NEW YORK (TheStreet) -- The strangest thing happened the past seven days: the U.S. returned to normal.
The House of Representatives, controlled by a Republican Party that has in recent years rejected a vast number of Democrat-sponsored bills, approved a bi-partisan budget proposal crafted by a Senate Democrat and a former GOP Vice-Presidential nominee. That's almost historic in this age of partisan posturing.
Republicans apparent willingness to agree to a compromise, a veritable Washington deal-cutting, has the makings of a seismic shift in the otherwise dysfunctional GOP. The shaking of hands between erstwhile enemies prompted Jon Stewart to exclaim "Deal? Deal? What type of witchcraft is this?"
Last Friday, the Bureau of Labor Statistics released what many economists and analysts were calling one of the most promising labor reports since the 2008 financial crisis, and the markets jumped on the news instead of falling on worries that the Federal Reserve will scale back its stimulus program.
TheStreet's Jim Cramer called that November nonfarm payrolls report "perfect," adding that the topline number wasn't running ahead of itself and that the details showed strong fundamentals.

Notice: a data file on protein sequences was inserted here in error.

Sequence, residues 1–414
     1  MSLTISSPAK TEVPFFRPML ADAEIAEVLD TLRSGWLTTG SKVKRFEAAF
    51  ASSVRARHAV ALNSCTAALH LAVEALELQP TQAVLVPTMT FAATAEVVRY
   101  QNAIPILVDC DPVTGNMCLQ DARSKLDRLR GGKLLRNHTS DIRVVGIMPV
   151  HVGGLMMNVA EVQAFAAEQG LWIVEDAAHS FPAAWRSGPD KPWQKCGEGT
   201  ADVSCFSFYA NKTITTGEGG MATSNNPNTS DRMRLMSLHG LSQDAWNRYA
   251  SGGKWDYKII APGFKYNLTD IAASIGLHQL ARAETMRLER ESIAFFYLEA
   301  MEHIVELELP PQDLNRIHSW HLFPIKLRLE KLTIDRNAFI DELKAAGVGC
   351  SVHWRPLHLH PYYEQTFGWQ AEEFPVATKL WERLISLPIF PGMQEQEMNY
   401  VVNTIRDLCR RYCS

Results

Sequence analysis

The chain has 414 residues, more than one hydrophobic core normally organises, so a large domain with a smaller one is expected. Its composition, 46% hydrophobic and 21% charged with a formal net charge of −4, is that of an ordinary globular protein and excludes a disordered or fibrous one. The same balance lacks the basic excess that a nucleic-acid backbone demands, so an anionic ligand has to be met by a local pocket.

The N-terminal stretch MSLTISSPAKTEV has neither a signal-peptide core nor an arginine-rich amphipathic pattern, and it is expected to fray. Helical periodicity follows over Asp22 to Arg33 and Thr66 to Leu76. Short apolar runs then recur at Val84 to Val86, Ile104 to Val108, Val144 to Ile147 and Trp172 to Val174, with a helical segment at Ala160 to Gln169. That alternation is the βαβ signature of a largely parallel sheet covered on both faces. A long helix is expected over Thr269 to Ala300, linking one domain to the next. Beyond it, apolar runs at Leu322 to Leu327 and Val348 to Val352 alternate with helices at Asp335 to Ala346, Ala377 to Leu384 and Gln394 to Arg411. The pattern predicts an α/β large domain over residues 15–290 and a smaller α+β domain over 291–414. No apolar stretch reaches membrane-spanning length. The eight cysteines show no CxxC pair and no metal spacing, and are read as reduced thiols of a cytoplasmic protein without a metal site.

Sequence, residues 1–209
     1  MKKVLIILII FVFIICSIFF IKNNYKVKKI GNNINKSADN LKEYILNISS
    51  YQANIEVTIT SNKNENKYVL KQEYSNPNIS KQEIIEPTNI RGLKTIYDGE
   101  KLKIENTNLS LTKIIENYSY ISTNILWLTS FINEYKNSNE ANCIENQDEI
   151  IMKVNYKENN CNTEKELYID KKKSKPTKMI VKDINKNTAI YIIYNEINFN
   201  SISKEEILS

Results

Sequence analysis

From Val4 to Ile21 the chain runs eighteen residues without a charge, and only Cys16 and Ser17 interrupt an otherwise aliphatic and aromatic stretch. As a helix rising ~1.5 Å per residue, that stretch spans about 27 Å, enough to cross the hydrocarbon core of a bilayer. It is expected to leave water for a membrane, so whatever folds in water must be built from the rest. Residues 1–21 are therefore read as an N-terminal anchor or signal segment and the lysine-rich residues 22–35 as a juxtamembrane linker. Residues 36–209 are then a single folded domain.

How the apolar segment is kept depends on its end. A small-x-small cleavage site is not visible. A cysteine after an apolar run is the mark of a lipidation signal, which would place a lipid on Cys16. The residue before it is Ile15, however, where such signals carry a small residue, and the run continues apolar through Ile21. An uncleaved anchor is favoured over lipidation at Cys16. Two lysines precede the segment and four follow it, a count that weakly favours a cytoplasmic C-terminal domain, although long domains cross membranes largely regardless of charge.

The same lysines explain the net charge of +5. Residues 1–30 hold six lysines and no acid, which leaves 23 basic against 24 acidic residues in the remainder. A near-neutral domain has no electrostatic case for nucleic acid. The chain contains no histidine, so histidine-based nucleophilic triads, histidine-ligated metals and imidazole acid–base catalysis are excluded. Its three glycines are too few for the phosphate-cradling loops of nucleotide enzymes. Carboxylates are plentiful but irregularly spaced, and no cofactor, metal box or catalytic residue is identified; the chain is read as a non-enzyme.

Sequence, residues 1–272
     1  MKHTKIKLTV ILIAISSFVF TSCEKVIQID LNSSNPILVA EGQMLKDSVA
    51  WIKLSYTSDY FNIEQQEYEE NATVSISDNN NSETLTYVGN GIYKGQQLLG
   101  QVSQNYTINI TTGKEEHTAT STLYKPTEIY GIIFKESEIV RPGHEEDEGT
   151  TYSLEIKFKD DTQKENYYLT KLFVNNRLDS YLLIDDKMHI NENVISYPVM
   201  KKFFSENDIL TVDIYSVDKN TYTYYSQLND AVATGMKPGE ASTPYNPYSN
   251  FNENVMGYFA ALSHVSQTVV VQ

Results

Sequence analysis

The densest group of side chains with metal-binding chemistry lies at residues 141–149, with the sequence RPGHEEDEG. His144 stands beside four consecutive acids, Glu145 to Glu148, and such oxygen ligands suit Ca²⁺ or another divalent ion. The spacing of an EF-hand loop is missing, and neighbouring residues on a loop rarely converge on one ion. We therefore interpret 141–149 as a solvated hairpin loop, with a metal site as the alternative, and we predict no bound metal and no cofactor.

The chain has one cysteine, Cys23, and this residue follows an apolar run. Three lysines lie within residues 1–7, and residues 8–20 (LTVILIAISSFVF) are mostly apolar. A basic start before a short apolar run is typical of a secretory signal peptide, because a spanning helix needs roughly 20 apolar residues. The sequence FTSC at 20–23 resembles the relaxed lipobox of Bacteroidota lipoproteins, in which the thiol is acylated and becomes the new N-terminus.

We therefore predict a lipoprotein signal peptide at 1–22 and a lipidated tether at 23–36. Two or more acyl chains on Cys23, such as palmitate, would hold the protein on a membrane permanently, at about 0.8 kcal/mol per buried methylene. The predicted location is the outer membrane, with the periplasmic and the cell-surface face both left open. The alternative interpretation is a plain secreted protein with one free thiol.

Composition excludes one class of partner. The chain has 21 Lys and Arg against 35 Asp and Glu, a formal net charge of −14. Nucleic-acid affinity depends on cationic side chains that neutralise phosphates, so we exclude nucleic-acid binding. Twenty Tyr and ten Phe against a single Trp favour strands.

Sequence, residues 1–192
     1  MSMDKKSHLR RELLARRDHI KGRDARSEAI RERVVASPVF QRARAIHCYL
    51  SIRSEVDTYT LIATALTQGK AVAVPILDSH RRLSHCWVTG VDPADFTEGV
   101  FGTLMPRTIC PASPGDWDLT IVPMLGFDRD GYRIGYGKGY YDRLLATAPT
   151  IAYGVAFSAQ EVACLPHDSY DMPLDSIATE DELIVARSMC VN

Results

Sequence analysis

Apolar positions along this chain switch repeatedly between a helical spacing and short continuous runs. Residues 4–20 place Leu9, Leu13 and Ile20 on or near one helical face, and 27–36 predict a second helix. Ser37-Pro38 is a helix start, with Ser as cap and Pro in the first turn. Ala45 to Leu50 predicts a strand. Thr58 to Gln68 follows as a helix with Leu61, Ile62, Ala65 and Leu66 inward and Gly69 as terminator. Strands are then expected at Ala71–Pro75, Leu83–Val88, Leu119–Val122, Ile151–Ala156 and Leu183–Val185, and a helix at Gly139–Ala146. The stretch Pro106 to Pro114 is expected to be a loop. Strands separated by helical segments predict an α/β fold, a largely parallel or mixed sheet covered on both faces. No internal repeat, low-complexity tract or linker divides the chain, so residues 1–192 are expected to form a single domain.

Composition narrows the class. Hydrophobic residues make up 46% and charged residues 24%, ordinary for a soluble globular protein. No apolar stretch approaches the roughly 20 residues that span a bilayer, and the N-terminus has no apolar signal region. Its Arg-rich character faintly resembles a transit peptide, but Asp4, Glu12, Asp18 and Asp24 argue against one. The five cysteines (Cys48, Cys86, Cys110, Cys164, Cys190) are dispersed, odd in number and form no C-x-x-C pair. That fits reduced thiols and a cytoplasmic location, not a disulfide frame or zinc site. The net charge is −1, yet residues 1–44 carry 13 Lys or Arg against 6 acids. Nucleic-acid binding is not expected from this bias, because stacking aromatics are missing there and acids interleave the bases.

Mike Serio, regional chief investment officer for Wells Fargo Private Bank, went so far as to call it a "paradigm shift" for stock markets to begin moving on fundamentals instead of Fed intervention.
On Friday, the Commerce Department said November retail sales rose more than expected, despite a weak Black Friday weekend -- traditionally the biggest shopping weekend of the year.
The only worry right now may be whether the S&P 500 can stem its December losses so as to finish up more than 25% on the year. And even that isn't worrying some analysts, who say, historically, the so-called Santa Claus rally begins next week.
"Most of the professionals are looking for that Santa Claus rally," Chris Bouffard, chief investment officer at The Mutual Fund Store, said in a phone interview. "So many of them are expecting a melt up into the end of the year."
Congress is working together, markets are rising on good economic data and consumers are spending more than economists had forecast. Maybe Americans can take a deep breath and realize, things are actually getting back to normal.
-- Written by Joe Deaux in New York.
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